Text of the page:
Also, in Matthew 6:7, Jesus qualifies what He is opposing in prayer, with, “as the Gentiles do.” He’s not talking about the Hebrew tradition of prayer (which quite obviously included much repetition, such as in the Psalms and priestly chants and prayers). He’s not even talking about (His frequent target) the Pharisees, but rather, the “pagan” or “heathen” (according to various translations) Romans and Greeks: people who followed a different and ultimately false religion. That element and the aspect of interior piety indicate that the passage is far more than merely a discussion of repetition: let alone all repetition, as if God is condemning that.
Jesus Himself used repetition in prayer: “he went away and prayed for the third time, saying the same words” (Mt 26:44; cf. Mk 14:39). Worship in heaven is extremely repetitious:
Revelation 4:8 “… day and night they never cease to sing, ‘Holy, holy, holy, is the Lord God Almighty, who was and is and is to come!’”
We should recall all these things the next time we hear repetitious or formal prayer itself condemned as “vain repetition” or impious.
Lastly, some claim that the rosary is centered on Mary rather than Jesus Christ. But it’s a meditation on the life of Christ. Of the 20 mysteries, only two are primarily about Mary (her Assumption and Coronation).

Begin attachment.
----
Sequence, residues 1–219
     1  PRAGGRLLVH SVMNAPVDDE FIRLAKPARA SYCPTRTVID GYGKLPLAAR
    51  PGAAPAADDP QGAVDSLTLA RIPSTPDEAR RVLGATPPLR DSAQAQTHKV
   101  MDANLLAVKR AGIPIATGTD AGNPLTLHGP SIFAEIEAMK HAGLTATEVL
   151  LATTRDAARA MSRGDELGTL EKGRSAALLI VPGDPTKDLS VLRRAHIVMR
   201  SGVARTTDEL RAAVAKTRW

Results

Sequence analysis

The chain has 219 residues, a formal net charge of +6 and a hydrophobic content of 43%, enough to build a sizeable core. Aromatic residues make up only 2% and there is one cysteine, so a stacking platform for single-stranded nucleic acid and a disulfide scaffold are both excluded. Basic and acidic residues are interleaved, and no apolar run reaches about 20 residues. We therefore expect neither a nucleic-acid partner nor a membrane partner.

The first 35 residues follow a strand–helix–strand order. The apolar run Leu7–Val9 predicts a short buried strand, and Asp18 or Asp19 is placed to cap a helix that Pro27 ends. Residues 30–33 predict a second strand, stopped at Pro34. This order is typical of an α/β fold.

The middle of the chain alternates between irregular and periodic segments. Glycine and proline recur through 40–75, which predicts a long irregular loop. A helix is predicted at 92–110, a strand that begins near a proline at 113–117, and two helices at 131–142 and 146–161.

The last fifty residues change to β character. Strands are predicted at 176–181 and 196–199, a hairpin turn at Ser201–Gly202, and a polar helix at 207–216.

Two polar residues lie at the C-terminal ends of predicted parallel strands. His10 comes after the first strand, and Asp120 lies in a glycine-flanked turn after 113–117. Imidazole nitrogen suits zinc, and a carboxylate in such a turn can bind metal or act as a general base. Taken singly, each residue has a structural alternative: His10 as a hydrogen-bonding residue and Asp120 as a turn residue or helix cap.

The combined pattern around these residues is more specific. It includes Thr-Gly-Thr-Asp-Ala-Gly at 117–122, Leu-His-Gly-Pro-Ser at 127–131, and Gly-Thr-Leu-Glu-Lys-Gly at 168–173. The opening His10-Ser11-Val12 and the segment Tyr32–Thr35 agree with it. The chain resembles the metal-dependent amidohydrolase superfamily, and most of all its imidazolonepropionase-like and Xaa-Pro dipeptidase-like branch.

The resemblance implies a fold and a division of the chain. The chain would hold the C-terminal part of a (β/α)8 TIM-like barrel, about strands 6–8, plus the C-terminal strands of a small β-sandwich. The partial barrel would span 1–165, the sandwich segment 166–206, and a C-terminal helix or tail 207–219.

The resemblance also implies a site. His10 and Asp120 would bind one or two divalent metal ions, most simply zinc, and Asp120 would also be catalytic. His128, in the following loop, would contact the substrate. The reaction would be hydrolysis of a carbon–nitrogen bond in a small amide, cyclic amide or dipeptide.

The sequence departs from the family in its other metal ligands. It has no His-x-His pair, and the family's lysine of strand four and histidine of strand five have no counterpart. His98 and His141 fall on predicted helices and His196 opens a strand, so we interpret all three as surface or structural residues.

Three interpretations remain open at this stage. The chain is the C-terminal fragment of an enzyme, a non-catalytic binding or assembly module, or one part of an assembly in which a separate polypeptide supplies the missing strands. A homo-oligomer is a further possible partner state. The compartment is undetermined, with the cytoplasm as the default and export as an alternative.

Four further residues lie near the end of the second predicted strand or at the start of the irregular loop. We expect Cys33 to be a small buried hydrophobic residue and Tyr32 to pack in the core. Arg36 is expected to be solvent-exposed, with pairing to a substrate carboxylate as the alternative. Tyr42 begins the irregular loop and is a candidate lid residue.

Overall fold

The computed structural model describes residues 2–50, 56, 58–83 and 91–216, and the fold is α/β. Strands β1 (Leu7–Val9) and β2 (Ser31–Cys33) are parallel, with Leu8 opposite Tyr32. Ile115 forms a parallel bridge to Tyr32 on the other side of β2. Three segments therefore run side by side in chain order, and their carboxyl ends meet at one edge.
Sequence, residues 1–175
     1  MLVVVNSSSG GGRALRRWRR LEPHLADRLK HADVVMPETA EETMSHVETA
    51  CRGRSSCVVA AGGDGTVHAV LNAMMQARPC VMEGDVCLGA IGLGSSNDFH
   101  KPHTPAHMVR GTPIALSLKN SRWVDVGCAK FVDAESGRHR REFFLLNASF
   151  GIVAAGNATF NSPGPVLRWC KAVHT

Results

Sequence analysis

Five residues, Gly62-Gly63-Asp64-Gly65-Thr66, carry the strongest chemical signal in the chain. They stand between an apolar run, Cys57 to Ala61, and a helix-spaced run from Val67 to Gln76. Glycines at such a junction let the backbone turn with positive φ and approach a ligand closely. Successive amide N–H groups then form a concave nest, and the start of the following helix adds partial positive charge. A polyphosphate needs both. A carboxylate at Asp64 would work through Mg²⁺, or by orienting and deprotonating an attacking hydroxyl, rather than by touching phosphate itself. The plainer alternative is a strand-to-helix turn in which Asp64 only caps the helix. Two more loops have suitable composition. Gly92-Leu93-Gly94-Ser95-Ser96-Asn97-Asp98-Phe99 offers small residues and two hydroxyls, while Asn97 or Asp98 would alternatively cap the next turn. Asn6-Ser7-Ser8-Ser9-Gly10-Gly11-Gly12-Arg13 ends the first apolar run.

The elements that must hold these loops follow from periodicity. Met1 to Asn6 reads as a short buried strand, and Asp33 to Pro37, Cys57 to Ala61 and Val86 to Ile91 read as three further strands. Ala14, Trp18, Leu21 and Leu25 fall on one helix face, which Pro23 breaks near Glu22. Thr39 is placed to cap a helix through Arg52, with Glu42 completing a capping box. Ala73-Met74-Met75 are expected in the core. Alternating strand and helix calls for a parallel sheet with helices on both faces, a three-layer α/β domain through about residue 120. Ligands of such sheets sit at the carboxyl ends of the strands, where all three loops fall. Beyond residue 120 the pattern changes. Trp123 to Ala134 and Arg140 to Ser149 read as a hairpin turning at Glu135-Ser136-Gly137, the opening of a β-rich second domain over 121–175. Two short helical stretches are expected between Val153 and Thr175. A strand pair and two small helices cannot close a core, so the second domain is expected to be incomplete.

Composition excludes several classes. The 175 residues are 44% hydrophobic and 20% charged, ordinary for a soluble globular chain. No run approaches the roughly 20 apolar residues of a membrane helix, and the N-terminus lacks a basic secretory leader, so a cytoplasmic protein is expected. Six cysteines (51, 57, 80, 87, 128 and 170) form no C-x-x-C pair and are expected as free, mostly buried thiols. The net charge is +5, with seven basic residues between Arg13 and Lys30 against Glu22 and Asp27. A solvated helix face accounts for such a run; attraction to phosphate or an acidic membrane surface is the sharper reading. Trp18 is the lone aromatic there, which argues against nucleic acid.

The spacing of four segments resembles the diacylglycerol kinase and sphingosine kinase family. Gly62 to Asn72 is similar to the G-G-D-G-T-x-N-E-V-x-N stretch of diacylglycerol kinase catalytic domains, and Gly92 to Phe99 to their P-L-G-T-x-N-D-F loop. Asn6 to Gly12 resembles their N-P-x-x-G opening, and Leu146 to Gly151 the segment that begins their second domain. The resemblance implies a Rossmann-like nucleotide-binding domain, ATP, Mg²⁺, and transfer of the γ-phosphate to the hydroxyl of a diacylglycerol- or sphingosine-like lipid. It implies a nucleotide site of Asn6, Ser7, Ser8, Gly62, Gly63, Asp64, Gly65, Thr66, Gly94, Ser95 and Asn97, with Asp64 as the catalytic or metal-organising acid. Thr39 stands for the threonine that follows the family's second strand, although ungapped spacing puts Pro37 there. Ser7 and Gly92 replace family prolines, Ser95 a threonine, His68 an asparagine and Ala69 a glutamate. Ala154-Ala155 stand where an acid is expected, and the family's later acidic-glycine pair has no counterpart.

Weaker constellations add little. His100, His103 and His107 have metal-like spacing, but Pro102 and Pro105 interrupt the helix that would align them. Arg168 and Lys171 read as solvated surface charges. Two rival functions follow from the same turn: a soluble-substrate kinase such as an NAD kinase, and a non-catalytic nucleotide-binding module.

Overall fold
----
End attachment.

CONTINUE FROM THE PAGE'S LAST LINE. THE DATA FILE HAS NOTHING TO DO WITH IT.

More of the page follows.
The Apostle’s Creed merely mentions the Virgin Birth (which is more about Christ than Mary). The “Our Father” [or, Lord’s Prayer], “Glory Be,” and “Fatima Prayer” never mention Mary. The “Hail Mary” is three-quarters explicitly biblical (direct quotation):
“Hail Mary, full of grace. The Lord is with thee. [Luke 1:28, spoken by the angel Gabriel] Blessed art thou amongst women, and blessed is the fruit of thy womb, Jesus. [Luke 1:42, spoken by Elizabeth, mother of John the Baptist]”
“Full of grace” is a permissible translation of the Greek kecharitomene.
The “Hail, Holy Queen” is directed toward Mary (who prays for us to God), but even it ends (i.e., in the usual follow-up prayer in a rosary) on a Christocentric note:
“O God whose only begotten Son by his life, death, and Resurrection has purchased for us the rewards of eternal life; grant we beseech thee, that … we may imitate what they contain and obtain what they promise through the same Christ our Lord. Amen.”
Thus, the rosary is quite Christocentric, as all Marian devotions and doctrines, rightly understood, are.
Dave Armstrong is a full-time Catholic apologist. He lives in Allen Park, grew up in Detroit, and has attended St. Joseph Church near downtown since 1991. He’s been happily married to his wife Judy since 1984, and they have three sons and a daughter. Dave has written 49 books on apologetics, including six for Sophia Institute Press, with several bestsellers in the field. He blogs daily at the Patheos super-site. Information for purchase of his books is available there. http://www.patheos.com/blogs/davearmstrong